“Yeah. It’s all in us. Relax,” Gracie smiled. “Your readers already believe life belongs in the mental or spiritual realm.”
“Oh, we’ll only imply that. It’s the dead travelling to the stars that’s the real click-bait here.”
Gracie was a genius.
by Perry Palin
Men come from the cities to the shore to cast their baits and lures into the big lake and to fish in the quick falling rivers that run down from the hills. When questioned at home they say, “Well, it sure is beautiful country.” They are right about that, but what they mean is that no, they didn’t catch any of the trout or salmon they were seeking.
What these men don’t know, or don’t want to know, is that the best of the trout, the brook trout, live in the small beginnings of the rivers on the plateau above the lake. The small streams come to rest in ponds behind beaver dams and then wind slowly through beaver meadows and quiet swamps of leaning white cedars, and the brook trout will strike at the flies and the baits of the quiet and persistent angler. The plateau is home to bears and mink and snowshoe hares and ruffed grouse and red tailed hawks, several miles inland and seven hundred feet in elevation above the lake, high above the paved highway and the clean motels with Wi-Fi and hot showers, high above the restaurants featuring breaded walleye and ribeye steaks and cocktails, traced only by narrow gravel fire lanes, and not many of those, and by game trails and the paths of a few fishermen who follow the brook trout.
On the plateau the low hillsides are covered by birch and aspens or a mix of maples and basswood trees. To get to the streams you must cross the spruce swamps that grab at your clothes with sharp dead branches, pull at your fly rod, scratch your face and hands until they bleed, and hook your glasses and drop them where you can’t see. Nearer the streams the spruce gives way to a trackless alder jungle which you enter to find the water by dead reckoning. With good luck you’ll come to a beaver meadow with the leaf-stained narrow stream winding slowly between banks of sharp green sedges.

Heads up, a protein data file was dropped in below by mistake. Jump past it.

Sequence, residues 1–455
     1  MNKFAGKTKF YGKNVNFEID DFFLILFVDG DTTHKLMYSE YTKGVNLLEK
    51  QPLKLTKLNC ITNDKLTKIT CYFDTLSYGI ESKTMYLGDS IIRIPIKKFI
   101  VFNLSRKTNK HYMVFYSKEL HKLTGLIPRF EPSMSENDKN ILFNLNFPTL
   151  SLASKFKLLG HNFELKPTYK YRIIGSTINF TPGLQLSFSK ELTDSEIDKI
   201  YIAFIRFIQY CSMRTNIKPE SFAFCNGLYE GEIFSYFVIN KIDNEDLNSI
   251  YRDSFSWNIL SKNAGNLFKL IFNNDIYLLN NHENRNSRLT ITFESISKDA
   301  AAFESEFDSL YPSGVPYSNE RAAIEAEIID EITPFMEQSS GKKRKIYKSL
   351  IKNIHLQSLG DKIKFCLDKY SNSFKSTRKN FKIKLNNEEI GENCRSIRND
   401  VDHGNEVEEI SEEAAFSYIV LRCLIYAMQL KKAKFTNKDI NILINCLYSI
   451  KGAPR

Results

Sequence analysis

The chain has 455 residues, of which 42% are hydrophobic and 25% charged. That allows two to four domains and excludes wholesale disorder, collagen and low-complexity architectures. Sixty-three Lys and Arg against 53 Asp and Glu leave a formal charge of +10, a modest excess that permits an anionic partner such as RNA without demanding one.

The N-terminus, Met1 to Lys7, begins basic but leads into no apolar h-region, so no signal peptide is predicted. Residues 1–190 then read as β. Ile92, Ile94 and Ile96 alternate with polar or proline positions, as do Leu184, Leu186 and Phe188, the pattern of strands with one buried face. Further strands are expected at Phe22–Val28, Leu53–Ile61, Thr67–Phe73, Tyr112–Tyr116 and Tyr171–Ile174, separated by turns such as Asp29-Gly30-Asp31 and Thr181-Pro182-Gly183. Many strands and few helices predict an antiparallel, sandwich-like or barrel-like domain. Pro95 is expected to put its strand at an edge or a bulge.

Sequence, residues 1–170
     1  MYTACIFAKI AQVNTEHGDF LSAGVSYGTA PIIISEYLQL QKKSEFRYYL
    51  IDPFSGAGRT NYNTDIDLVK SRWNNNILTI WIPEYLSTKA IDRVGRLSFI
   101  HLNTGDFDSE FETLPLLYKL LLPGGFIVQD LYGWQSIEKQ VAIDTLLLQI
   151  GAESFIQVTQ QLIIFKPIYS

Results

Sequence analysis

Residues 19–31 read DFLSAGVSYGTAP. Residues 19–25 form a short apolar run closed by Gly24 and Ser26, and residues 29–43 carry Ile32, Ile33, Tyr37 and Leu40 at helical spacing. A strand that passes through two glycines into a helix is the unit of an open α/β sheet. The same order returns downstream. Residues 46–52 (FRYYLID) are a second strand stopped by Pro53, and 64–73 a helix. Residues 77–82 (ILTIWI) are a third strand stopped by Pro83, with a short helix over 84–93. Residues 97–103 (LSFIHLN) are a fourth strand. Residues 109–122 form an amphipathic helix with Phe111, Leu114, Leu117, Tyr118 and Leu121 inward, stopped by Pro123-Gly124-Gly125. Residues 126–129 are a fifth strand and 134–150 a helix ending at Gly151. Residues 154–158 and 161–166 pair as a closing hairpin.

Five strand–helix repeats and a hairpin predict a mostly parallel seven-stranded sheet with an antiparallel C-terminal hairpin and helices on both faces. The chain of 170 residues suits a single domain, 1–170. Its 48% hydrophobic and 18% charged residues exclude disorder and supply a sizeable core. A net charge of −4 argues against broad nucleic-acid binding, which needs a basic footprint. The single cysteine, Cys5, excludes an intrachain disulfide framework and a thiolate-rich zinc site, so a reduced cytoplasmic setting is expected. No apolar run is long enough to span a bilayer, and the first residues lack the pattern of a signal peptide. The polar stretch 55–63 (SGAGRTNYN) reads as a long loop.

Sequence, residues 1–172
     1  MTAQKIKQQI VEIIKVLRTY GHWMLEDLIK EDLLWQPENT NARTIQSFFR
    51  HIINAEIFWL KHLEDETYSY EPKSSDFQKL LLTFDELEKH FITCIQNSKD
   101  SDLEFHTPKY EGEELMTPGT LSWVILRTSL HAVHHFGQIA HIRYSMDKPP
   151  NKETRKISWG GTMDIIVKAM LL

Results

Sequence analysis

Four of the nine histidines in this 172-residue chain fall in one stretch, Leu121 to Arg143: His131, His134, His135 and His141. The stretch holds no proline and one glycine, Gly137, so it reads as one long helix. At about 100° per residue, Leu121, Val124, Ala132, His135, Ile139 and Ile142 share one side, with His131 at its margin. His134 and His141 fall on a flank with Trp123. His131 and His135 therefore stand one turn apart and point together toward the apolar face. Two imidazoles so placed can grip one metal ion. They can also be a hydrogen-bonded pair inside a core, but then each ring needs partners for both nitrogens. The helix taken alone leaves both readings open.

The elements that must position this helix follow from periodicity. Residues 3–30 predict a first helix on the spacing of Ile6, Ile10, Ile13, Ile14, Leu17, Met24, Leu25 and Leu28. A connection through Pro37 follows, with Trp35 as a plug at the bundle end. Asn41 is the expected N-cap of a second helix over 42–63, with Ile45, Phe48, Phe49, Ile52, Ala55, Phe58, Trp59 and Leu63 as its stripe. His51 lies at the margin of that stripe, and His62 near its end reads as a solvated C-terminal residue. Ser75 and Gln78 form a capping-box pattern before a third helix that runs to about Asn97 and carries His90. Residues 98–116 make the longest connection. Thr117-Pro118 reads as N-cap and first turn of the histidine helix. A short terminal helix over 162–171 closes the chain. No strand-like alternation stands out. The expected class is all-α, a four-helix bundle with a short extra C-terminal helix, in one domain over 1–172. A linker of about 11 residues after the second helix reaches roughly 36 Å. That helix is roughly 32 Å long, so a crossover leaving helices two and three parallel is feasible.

A man from the city wanted me to take him to the plateau, to the interior. Tom was a friend, seemed fit enough for the work, and we went on a sunny summer day. After a long walk from the fire trail we approached the stream. I told him to fish slowly upstream and I would go below, and catch up with him in two hours. On the banks the wild bees and butterflies danced from coneflowers to swamp milkweed. A light breeze moved in the meadow. The scents were of beaver cuttings and of rich mud and of something else. I caught several brook trout. When I met up with Tom, he had caught none.
“How was the fishing upstream from here?” he asked me.
“I don’t know. I was below you.”
“Well, I heard you go by me through the alders, going upstream, so I know you were up there.”
I thought for a minute before replying. “That wasn’t me. If you heard someone go by, it was a sasquatch.”
He looked at me, incredulous. “No. There’s no such thing.”
“If you want to believe it was a bear or a moose, I won’t argue with you.”
“How can you say it was a sasquatch? Have you ever seen one?”
“I’ve seen two over the years, an adolescent female once, and another time an adult male. Brown stringy hair. Big hands and feet. Not too good looking, by our standards, I suppose. A smell to knock out a buffalo. The male was bigger than you, probably seven feet tall.”
“Come on. You’re kidding me. How did you know one was a female and one was a male?”
“Can you tell the difference between a girl and a man? The two of them had different physical equipment. Should I spell it out for you further?”
Tom was quiet after that. We fished a while longer. He caught nothing. He looked over his shoulder every time a breeze moved through the sedges.